Last night I attended a cocktail mixer put on by Orbit where members of Hachett's science fiction and fantasy imprint, Orbit, got together with members of their thriller imprint Mulholland Books. Most of the evening flashed by in a blur of half heard names and drink-shifting handshakes. I hope I won't be tested on anything as I failed take any notes and have a terrible head for names. I met a wide variety of people including bloggers, and the senior fantasy and thriller editors for Publisher's Weekly. Of course I also met with the orbit team working on Theft of Swords, spending most of my time with Publishing Director, Tim Holman, Senior Editor, Devi Pillai, Publicist Jack Womack, and Marketing Director, Alex Lencicki. And as I mentioned this morning I will soon be signing books at the mammoth Javits Center.

Lots of drinks, even more coffee, lavish dinners, luncheon meetings with agents and editors, and wandering the wide sidewalks of a congested movie set they call Manhattan. It sounds like part of the dream all writer's aspire to, but I must say, I will be very happy to catch the bus home tonight. There is something about New York that is like over dosing on caffeine. You get the jitters and eventually crash. The intensity of this city can exhaust you just by being here. Everyone is running in fourth gear because there is just no time for first through third. The streets are like conveyor belts that you need to merge into and keep up on or get mowed down by the herd. This is a city of workers. No one is idle, everyone rushes, and those on cell phones are talking numbers. I'm not sure if the word tranquility is in the New York lexicon unless it is defined as Central Park. People here owe a lot to Olmsted for that bit of green. I don't know how people could live here without it.

For those at the BEA today stop by the Hachett Book booth around noon and get a signed Advance Reading Copy of Theft of Swords, I'll be happy to sign it and shake your hand, and chat...but then I think I'll be happy to pass out on the bus.

Monday, May 23, 2011

Pirating the Pirates...or Why the World Did Not End

I met Joe Haldeman yesterday.

If you don't know, Mr. Haldeman is a science fiction writer. Winner of the Grand Master lifetime achievement award, a few Nebulas, a Hugo, and some others including a Locust Award for his 1976 novel The Forever War.

Mr. Haldeman was on a panel with me and a number of other distinguished writers where we discussed the old ways writers used to do things and how times have change. One topic discussed how much time is saved now by using computers rather than typewriters, but also how publishers and fans expect writers to churn out multiple novels a year. Another discussed the availability of authors to their fans through blogs, email, and Twitter. And we also discussed ebooks and their effect on reading and writing.

After this panel I spoke briefly with Gay Haldeman, Joe's wife. She's a wonderful woman and friendly person who complimented me on my performance, which was very kind as I did nothing to be complimented for. She invited me to lunch with her and Joe, but I was already committed to having lunch with Robin, writers Jamie Rubin and Andrew Fox. Afterwards however, Robin and I ran into Joe and Gay again and we fell into talking.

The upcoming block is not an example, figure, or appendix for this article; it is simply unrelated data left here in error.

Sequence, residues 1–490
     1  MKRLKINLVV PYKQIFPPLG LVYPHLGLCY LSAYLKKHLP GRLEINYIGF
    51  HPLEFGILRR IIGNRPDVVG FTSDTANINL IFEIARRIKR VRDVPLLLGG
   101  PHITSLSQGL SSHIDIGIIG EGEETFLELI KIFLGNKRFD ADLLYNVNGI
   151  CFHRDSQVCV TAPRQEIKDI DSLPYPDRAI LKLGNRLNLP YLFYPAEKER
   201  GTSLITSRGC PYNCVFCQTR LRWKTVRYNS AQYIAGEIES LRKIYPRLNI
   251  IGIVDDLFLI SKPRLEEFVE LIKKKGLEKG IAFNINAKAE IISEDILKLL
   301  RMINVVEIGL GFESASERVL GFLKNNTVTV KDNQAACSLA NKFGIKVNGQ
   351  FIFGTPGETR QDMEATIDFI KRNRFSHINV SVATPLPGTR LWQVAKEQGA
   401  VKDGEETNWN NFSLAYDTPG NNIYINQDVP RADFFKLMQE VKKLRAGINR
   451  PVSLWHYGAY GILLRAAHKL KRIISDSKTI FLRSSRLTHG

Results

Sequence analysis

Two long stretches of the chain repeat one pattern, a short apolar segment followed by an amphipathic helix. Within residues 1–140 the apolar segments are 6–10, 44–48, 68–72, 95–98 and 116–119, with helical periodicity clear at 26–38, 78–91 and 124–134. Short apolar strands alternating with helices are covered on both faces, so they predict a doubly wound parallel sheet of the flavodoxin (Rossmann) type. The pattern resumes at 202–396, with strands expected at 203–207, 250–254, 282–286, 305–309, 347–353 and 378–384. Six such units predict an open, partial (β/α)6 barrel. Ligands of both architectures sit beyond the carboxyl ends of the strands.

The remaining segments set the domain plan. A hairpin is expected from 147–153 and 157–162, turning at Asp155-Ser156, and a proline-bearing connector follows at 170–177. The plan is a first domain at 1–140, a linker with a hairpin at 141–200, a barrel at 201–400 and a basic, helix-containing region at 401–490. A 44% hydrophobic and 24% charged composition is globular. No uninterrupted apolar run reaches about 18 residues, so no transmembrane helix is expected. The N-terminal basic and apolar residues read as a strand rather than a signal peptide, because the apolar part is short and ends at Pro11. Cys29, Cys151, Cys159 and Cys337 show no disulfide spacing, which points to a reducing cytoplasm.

In the course of the discussion, the Haldemans let it slip that they recently discovered Joe's book The Forever War (presently being made into a movie) is not available in ebook. They discovered this when a fan wrote to ask why he could not find it. They in turn spoke to their publisher and discovered the publisher did not have the ebook rights--Joe did. It was then that Gay began Talking with Robin about what it took to convert a book into ebook format. Robin, being Robin, offered to do it for her. We even volunteered my services as cover artist.

The only caveat was that they did not have an electronic copy of the book, they only had the hard copy. So now they faced scanning the entire work. But then a novel idea (pun intended) came to them, and I was so amused by this that I decided to write this post.

Rather than going to all the trouble of scanning the novel, there is a much easier way. All they have to do is steal Joe's novel from a pirated torrent site. They have already done the work for them. The irony of thieving from those who stole from them, and making use of the pirating to help them make money was wonderful.

So it would seem that book thieves are good for something. All authors looking to put their books into ebook form should pull their digitized works from the torrent sites and ePub them. Just don't forget to proof the text as I doubt they take the same care in transferring as an author would.

It is also good to see that readers will write and ask an author about a missing ebook rather than steal a copy. Maybe that's why the world didn't end on Saturday--there were just too many people to Rapture.

Friday, May 20, 2011

Nebula, BEA, Balticon…Oh My!

This coming week, beginning yesterday and running until a week from this coming Sunday, (okay so that’s not really a week, but it’s closer than calling it a month,) is going to be a very busy time.